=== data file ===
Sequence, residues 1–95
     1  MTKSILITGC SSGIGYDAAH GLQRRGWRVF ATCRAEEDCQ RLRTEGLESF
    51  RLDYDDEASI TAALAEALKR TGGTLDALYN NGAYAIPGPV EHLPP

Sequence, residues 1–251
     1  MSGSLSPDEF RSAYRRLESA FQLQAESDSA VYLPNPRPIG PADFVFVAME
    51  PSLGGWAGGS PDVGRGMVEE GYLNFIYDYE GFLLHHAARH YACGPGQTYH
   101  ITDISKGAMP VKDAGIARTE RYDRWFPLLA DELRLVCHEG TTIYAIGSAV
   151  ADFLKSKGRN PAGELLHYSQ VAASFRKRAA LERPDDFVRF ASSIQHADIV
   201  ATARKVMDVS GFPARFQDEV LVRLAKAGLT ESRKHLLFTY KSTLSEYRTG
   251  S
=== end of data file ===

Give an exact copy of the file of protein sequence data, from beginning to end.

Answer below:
Sequence, residues 1–95
     1  MTKSILITGC SSGIGYDAAH GLQRRGWRVF ATCRAEEDCQ RLRTEGLESF
    51  RLDYDDEASI TAALAEALKR TGGTLDALYN NGAYAIPGPV EHLPP

Sequence, residues 1–251
     1  MSGSLSPDEF RSAYRRLESA FQLQAESDSA VYLPNPRPIG PADFVFVAME
    51  PSLGGWAGGS PDVGRGMVEE GYLNFIYDYE GFLLHHAARH YACGPGQTYH
   101  ITDISKGAMP VKDAGIARTE RYDRWFPLLA DELRLVCHEG TTIYAIGSAV
   151  ADFLKSKGRN PAGELLHYSQ VAASFRKRAA LERPDDFVRF ASSIQHADIV
   201  ATARKVMDVS GFPARFQDEV LVRLAKAGLT ESRKHLLFTY KSTLSEYRTG
   251  S